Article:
3. Perito Moreno Glacier is one of the 48 glaciers in Patagonian Ice Field. It is an extension of the Andean Ice that is shared with Chile. The Glacier is the third largest reserve of Fresh water in the world.

4. The Los Glaciares National Park, of which Perito Moreno Glacier is part of, was declared a World Heritage Site in 1981 by UNESCO

5. Due to its accessibility and beauty, Perito Moreno Glacier is one of the biggest tourist magnets to the Patagonia region. The glacier is barely two hours away from El Calafate by bus.

6. The Glacier is surrounded by scenic ice-capped mountains and forests such as lengas and ñires.

7. Rapture – Pressures from the weight of the ice slowly pushes the glacier over the southern tip of Lake Argentina damming the section and separating it from the rest of the lake. With no outlet, the water-level on the dammed side of the lake can rise by as much as 30 meters above the level of the main body of Lake Argentina. This eventually causes rapture and the huge block of ice tumbles down on the lake. It is one of the most beautiful sights to see.

8. The glacier extends to the Chilean fjords and in the east to the Argentine lakes.

9. There are two types of trekking available to tourists on the glacier. The first one is the mini-trekking option that takes about an hour and a half and the other is the big ice option that takes about 5 hours. It is up to you to choose how long you want to remain outdoors on ice.

10. The raptures on the Lake Argentina come in 4-5 years intervals. The last to occur happened on March 2, 2012.

We didn’t have much more time left to explore other areas of Lago Argentino.

Is there anything else equally exciting that we should see on our next visit?

Please share in the comments section.

It’s hard to get to Buenos Aires but it’s two times harder to leave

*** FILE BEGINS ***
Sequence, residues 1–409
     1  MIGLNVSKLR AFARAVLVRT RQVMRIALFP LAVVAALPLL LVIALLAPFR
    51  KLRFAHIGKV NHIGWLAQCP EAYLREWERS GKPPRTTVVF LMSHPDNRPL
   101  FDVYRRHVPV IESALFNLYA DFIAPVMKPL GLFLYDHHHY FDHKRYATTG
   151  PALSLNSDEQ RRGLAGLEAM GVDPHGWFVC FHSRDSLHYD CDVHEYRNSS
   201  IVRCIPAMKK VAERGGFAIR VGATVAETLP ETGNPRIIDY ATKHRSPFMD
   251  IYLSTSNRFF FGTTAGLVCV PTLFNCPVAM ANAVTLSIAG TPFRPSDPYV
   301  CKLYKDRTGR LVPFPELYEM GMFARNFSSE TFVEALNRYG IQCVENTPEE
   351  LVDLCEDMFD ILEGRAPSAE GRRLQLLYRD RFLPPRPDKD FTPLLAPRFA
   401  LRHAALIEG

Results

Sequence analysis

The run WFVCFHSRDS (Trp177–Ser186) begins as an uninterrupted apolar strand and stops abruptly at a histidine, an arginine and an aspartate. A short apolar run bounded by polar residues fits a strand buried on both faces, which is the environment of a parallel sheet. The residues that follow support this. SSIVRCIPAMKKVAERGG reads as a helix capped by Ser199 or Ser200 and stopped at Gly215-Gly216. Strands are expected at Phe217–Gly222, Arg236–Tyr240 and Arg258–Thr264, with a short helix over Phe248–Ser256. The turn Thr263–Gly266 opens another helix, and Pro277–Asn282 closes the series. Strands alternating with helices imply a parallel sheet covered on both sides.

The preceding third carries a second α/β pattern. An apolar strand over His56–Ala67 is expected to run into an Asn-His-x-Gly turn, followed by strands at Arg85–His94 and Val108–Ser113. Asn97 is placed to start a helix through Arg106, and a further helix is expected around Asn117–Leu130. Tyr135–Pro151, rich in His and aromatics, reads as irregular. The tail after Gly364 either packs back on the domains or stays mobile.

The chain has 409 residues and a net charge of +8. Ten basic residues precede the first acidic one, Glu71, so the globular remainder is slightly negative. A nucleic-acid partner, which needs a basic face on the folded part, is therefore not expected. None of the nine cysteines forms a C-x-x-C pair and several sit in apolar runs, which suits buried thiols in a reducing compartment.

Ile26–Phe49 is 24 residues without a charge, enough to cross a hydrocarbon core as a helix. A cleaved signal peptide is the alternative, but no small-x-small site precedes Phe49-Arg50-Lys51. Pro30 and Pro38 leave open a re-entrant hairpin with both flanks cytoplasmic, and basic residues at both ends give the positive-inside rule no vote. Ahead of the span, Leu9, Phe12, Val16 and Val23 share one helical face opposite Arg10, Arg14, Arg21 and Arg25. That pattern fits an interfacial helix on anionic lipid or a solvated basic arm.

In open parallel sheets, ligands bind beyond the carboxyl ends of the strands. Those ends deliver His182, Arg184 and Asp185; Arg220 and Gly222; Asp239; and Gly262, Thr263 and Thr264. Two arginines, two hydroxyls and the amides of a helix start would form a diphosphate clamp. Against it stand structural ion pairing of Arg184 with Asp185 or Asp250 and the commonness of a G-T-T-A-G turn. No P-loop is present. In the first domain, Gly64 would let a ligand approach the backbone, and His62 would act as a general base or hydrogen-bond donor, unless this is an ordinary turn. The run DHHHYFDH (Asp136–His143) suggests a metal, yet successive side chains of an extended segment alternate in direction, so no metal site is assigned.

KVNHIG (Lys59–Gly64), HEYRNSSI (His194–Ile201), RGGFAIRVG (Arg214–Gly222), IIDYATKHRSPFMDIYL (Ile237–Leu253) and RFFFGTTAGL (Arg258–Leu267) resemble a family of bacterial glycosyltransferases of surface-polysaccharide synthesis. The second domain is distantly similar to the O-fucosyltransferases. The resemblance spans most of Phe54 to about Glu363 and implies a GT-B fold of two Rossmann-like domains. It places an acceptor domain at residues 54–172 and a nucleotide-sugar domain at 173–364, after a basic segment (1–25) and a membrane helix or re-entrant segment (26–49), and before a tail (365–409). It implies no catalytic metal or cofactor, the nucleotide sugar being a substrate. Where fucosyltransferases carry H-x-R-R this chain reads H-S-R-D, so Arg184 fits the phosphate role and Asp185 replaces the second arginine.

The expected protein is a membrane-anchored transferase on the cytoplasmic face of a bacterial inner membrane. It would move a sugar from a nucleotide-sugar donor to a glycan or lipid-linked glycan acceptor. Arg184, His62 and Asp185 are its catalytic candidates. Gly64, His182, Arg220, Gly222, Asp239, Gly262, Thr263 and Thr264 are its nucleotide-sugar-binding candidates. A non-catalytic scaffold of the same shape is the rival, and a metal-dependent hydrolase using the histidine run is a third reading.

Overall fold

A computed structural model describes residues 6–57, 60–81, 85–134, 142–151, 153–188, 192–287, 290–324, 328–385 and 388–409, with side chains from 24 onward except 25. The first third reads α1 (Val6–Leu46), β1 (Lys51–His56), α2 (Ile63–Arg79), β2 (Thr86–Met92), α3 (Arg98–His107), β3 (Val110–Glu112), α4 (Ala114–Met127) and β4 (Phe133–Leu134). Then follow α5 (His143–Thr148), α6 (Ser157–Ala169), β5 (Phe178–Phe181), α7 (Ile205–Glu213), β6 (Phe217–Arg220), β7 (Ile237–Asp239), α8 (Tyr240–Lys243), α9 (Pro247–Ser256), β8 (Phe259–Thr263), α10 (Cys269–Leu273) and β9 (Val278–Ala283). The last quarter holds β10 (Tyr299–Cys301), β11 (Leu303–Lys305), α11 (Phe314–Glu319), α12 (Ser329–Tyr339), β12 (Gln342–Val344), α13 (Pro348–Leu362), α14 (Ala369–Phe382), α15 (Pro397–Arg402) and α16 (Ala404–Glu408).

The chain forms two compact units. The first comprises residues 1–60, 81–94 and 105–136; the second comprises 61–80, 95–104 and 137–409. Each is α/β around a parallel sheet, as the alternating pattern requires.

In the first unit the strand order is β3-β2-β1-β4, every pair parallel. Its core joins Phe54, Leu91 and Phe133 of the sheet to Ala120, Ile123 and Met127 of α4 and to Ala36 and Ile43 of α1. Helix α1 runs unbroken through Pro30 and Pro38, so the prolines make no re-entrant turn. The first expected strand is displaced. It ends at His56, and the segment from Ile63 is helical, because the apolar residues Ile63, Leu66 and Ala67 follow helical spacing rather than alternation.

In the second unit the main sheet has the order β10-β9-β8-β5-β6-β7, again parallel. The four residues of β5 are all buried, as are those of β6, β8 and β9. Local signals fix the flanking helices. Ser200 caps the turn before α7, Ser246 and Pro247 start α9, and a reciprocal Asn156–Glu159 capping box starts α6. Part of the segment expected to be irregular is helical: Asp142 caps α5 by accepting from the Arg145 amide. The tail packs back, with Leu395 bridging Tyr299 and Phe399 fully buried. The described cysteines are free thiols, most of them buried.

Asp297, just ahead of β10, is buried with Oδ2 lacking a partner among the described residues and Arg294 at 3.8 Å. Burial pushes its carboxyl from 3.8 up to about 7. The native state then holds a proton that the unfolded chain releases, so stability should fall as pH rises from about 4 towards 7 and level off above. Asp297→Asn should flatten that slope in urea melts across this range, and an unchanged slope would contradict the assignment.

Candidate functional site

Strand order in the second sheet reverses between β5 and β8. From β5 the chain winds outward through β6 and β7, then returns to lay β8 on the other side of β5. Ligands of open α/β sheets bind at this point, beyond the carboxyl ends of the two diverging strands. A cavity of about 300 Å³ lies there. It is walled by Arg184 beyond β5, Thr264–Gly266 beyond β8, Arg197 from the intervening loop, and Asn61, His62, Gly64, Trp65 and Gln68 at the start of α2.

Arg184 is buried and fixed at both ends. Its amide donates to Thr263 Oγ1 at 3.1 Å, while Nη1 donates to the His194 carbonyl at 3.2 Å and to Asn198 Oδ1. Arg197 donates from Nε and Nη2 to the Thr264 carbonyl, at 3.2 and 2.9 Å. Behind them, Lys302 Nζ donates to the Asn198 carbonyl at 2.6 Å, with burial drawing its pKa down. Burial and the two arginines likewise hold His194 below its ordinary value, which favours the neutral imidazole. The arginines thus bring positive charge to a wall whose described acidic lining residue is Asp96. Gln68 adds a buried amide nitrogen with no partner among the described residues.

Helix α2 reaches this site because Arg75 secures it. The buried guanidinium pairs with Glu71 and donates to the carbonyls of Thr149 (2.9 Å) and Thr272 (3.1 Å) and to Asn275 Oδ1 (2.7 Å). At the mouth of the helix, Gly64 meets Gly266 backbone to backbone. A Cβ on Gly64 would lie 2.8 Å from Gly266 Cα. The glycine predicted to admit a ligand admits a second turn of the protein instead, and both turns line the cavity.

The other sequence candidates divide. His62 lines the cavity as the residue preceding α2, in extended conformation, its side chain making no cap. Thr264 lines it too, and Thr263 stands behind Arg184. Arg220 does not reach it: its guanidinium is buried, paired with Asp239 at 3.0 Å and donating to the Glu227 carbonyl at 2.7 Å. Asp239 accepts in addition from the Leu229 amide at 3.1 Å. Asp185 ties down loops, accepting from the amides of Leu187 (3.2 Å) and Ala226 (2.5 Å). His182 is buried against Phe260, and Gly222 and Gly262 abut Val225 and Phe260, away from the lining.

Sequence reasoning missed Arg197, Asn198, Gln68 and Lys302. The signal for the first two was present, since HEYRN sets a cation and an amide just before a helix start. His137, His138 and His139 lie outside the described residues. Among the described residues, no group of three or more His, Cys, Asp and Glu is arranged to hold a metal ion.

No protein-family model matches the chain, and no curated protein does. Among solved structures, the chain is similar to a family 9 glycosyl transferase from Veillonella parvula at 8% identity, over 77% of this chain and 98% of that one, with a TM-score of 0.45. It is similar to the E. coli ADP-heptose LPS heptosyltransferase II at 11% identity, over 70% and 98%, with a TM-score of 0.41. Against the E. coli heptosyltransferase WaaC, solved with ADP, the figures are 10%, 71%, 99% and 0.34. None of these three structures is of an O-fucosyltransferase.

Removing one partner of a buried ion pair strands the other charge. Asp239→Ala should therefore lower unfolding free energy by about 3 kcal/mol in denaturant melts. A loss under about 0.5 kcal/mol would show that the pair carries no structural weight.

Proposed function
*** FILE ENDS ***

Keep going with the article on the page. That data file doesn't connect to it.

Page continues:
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It’s pretty hard to get to Buenos Aires from the Northern Hemisphere. Perhaps that’s why I heard so little about this amazing place while I lived in the States.

Seven months have passed by quickly and Eva has grown enormously. Yesterday our doctor said she is extra large by Argentinean standards. Well, in a good sense of course:).

It’s time for us to pack our summer stuff and head over to Cartagena, Colombia, a 16th century Spanish colonial town that is currently designated a UNESCO World Heritage Site. Then Santa Marta with its Tayrona National Park and magnificent Caribbean beaches. We are also hopeful of visiting San Andrés. Even though we are planning to come back in a few months I find it pretty hard to leave Buenos Aires. We will certainly miss all these wonderful people that we’ve met here.

I thought that pictures of our neighborhood life would explain better than a thousand words.

Viva Buenos Aires!

Iguazu Falls: Absolutely Must See Once in Your Life

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 The Power and the Beauty of Iguazu Falls

Devil Throat of Iguazu Falls from Argentinean sideIn our digital age we’re surrounded by opinions, in list form, of the 10 or 100 or 1000 things to see before you die. I think life expectancy must be on the rise the way people keep adding stuff to their To Do lists. It’s always too soon to die, the list is always growing. But it is also very subjective. A wonder for you could be a “whatever” for others.

Iguazu Falls, though, on the border of Brazil and Argentina, are among the rare natural wonders that inevitably make it onto the top of everyone’s list. Its designation as a UNESCO World Heritage Site back in 1984 started to draw more attention to its beauty, as well as to its ongoing preservation struggle.

I’d heard about this place many times, but didn’t realize how magnificent it actually is.

Iguazu Falls on Brazilian side

Visiting it, at last, happened to be one of the most humbling and exciting experiences of my life. The falls are 1.7 miles long, divided into many different waterfalls by tiny islands and islets dotting the Iguazu River at the edge of the plunge. These falls range from 197 to 269 feet high.

Lush green islands in Iguazu Falls